IGN noted that "almost everyone" regarded Nintendo's Tetris as inferior to Atari's Tetris, which was pulled from shelves due to licensing issues.[13]

Legacy[edit]

Tetris & Dr. Mario (1994) features an enhanced remake of Tetris.[14] Tetris Effect: Connected (2020) includes a game mode that simulates Tetris's rules and visuals.[15][16]

In 2009, Harry Hong became the first independently verified person to achieve the maximum score of 999,999 points, known as a max-out score. Earlier plausible but unverified max-out scores were claimed by Thor Aackerlund c. 1990 and Jonas Neubauer c. 2002.[3]

Competitive play[edit]

The 1990 Nintendo World Championships were based on A-Type Tetris, Super Mario Bros., and Rad Racer. In each round, contestants were given a total of six minutes to score as much as possible across all three games.[17][better source needed] As the Tetris score would be multiplied 25 times in the final tally, the prevailing strategy was to immediately exit the other two games to spend all available time in Tetris.[18][better source needed]

Since 2010, the NES version of Tetris has been featured in the annual Classic Tetris World Championship. It has a 1-on-1 competition to score the most points. Specialized cartridges give both competitors the same piece sequence.[19]

Hypertapping[edit]

The speed at which a game piece moves horizontally when the D-pad is held can be increased by instead repeatedly tapping the D-pad, a technique called "hypertapping". Since 2018, this technique has been heavily utilized in Tetris tournaments.[3] For hypertapping to be a viable strategy, the D-pad must be tapped at a speed of at least 10 times per second.[20] One way that players exceed this speed is by flexing the biceps until their arm tremors, allowing the thumb to tap the D-pad extremely rapidly.[3]

The success of hypertapping has inspired young people to acquire NES consoles to play Tetris competitively. In contrast to the older playerbase of past tournaments, every world champion since 2018 has been a child below age 18 who used the hypertapping technique.[3]

References[edit]

  1. ^ "Products: Family Computer". Bullet-Proof Software. Archived from the original on 2000-08-23.
  2. ^ a b c d Tetris Instruction Booklet (PDF). USA: Nintendo of America. 1989. Retrieved October 3, 2021.
  3. ^ a b c d e Sweet, Jacob (March 26, 2021). "The Revolution in Classic Tetris". The New Yorker. Retrieved October 3, 2021.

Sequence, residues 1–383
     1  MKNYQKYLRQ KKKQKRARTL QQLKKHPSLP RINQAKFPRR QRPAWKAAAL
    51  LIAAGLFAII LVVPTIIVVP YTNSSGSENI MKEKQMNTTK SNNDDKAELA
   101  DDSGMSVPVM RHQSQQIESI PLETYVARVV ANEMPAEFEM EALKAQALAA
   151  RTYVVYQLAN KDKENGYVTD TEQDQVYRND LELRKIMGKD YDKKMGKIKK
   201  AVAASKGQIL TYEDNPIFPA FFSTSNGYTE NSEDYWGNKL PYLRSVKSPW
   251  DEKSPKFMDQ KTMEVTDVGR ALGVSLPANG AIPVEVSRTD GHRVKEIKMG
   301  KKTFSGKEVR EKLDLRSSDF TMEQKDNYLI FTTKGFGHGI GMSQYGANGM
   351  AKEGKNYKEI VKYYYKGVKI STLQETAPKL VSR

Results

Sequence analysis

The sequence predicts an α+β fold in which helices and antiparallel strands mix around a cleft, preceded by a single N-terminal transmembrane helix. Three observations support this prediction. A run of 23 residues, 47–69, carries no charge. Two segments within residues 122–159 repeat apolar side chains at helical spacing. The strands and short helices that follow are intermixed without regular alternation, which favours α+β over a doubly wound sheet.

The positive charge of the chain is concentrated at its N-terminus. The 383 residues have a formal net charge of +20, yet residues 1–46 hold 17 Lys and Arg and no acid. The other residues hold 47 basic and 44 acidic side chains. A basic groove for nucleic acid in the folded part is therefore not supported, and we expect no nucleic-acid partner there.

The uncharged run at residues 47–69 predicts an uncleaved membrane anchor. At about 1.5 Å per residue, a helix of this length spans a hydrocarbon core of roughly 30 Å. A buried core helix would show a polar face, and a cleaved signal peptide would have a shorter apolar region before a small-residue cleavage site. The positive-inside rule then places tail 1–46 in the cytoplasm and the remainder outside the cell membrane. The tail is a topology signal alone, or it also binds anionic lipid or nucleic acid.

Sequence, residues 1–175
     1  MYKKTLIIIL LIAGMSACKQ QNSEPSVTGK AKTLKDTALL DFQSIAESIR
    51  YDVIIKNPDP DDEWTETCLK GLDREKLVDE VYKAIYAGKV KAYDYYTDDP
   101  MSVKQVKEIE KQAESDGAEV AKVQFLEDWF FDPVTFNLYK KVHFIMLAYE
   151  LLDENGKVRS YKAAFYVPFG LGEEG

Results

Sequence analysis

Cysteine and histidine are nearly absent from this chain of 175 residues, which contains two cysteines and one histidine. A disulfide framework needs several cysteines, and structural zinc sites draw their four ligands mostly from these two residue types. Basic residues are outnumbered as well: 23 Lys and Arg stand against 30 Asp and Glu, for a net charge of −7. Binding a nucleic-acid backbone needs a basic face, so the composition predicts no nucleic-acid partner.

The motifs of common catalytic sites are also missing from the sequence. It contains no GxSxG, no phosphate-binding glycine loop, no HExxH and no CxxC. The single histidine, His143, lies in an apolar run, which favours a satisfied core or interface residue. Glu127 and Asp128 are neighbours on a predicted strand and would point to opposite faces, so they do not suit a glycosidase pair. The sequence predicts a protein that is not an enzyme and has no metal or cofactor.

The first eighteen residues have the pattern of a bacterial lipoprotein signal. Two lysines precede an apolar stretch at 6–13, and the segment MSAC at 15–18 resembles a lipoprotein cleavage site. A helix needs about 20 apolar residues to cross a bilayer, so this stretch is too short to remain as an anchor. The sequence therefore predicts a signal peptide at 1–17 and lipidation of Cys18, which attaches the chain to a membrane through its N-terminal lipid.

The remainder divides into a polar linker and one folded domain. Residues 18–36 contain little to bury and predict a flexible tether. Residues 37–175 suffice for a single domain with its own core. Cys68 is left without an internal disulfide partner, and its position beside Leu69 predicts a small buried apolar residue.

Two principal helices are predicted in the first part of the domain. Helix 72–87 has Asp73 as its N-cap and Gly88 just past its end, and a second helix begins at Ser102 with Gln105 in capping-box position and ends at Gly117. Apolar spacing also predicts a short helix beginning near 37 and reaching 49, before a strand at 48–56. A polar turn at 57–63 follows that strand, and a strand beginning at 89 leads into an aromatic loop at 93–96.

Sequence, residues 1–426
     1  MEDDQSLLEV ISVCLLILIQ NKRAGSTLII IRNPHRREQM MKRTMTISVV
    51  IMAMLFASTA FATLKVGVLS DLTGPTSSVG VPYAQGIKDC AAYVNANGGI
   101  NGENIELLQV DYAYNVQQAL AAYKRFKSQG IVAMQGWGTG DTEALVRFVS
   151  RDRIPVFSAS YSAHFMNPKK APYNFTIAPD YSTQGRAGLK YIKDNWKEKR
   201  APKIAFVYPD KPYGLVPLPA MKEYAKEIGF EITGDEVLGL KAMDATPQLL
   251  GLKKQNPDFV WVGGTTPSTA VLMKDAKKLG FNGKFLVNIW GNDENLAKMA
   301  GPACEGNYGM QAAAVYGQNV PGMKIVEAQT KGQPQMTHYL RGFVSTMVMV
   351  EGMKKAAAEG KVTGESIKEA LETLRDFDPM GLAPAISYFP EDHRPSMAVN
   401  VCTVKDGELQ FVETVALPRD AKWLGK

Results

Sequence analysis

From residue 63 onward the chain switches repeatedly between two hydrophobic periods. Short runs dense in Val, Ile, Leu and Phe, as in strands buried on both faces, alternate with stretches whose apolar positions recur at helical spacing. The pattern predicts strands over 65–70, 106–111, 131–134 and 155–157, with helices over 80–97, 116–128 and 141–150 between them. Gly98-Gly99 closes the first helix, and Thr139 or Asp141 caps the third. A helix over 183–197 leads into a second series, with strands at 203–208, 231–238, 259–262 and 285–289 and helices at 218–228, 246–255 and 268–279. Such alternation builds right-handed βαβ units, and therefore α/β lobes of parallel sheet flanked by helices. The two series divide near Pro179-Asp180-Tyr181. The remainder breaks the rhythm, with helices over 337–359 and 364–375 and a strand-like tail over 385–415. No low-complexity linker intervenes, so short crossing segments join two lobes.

4. ^ a b c d e Birken, Mike (January 28, 2014). "Applying Artificial Intelligence to Nintendo Tetris". Retrieved October 3, 2021.
  5. ^ a b Sheff, David (2011). Game Over: How Nintendo Conquered The World. United Kingdom: Knopf Doubleday Publishing Group. ISBN 0307800741.
  6. ^ Oxford, David (July 4, 2019). "Mario Mania: Game Cameos for the Fan's Complete Collection – Tetris for NES". Old School Gamer Magazine. Retrieved October 3, 2021.
  7. ^ "From Russia with Litigation". Next Generation. No. 26. Imagine Media. February 1997. p. 42.
  8. ^ a b c "How Tetris conquered the world, block by block". The Guardian. June 2, 2009.
  9. ^ Suck, Michael (November 1989). "Tetris". Aktueller Software Markt (in German).
  10. ^ Weiss, Brett Alan. "Tetris". AllGame. Archived from the original on February 16, 2010. Retrieved June 9, 2014.
  11. ^ Dvorchak, Robert (17 June 1990). "Soviet Game Conquers the Free Market : Technology: Tetris, an electronic Rubik's Cube, proves to be addictive. Sales are sizzling. Sequel is coming from East Bloc". Los Angeles Times. Archived from the original on 2020-01-10. Retrieved 20 February 2021.
  12. ^ Director/Producer: Magnus Temple; Executive Producer: Nick Southgate (2004). "Tetris: From Russia With Love". BBC Four. Event occurs at 51:23. BBC. BBC Four. The real winners were Nintendo. To date, Nintendo dealers across the world have sold 8 million Tetris cartridges on the Nintendo Entertainment system.
  13. ^ Claiborn, Sam. "48. Tetris (Tengen) - Top 100 NES Games". IGN. Retrieved February 14, 2013.
  14. ^ "Now Playing". Nintendo Power. Vol. 70. March 1995. pp. 102–107. Retrieved June 30, 2021.
  15. ^ Viray, Aileen (June 16, 2021). "Tetris Effect: Connected cross-platform multiplayer comes to PS4 this July". PlayStation Blog. Retrieved May 1, 2022.
  16. ^ McWhertor, Michael (October 28, 2020). "Tetris Effect: Connected pays homage to classic NES version". Polygon. Retrieved November 10, 2020.
  17. ^ "Nintendo World Championships 1990 for NES". MobyGames.com. September 16, 2005. Retrieved July 4, 2009.
  18. ^ McGuire, Keegan (February 18, 2022). "The Untold Truth Of The Nintendo World Championship". Looper. Retrieved April 21, 2022.
  19. ^ "Official Classic Tetris World Championship Site". Retrieved May 8, 2021.
  20. ^ Gach, Ethan (October 22, 2018). "16-Year-Old Dethrones Tetris World Champion With Difficult Hyper-Tap Technique". Kotaku. Retrieved October 4, 2021.